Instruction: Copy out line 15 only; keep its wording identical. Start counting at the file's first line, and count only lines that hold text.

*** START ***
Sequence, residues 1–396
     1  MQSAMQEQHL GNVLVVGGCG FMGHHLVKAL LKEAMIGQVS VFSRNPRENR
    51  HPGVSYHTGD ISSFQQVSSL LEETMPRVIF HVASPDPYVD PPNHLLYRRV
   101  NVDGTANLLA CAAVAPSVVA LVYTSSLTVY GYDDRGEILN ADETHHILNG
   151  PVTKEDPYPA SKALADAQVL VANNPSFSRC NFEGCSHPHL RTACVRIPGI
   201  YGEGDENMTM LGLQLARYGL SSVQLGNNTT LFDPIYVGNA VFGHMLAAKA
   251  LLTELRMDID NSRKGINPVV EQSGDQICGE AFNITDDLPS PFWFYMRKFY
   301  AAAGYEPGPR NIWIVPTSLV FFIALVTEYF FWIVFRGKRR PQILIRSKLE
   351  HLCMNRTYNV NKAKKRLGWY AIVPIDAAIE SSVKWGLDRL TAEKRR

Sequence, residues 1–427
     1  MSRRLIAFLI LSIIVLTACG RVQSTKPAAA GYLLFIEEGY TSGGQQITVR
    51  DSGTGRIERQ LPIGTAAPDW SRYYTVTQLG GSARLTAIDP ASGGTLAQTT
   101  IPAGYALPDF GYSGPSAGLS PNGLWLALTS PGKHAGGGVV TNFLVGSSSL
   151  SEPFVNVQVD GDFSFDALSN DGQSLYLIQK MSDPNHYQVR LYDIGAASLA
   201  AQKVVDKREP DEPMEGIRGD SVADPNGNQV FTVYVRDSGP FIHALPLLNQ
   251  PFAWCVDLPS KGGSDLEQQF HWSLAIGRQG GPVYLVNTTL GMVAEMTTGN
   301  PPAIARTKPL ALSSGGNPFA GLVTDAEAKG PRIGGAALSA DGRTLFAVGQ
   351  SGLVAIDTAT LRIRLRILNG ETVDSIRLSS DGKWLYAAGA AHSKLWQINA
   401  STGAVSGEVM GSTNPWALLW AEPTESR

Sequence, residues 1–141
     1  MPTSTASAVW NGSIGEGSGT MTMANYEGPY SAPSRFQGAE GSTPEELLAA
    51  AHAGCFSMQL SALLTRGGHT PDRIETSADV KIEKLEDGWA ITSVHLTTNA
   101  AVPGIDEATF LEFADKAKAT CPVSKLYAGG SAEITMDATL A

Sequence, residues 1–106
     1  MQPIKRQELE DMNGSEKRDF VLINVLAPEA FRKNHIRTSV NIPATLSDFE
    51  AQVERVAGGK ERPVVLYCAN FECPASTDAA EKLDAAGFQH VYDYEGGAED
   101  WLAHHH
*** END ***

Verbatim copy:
   201  AQKVVDKREP DEPMEGIRGD SVADPNGNQV FTVYVRDSGP FIHALPLLNQ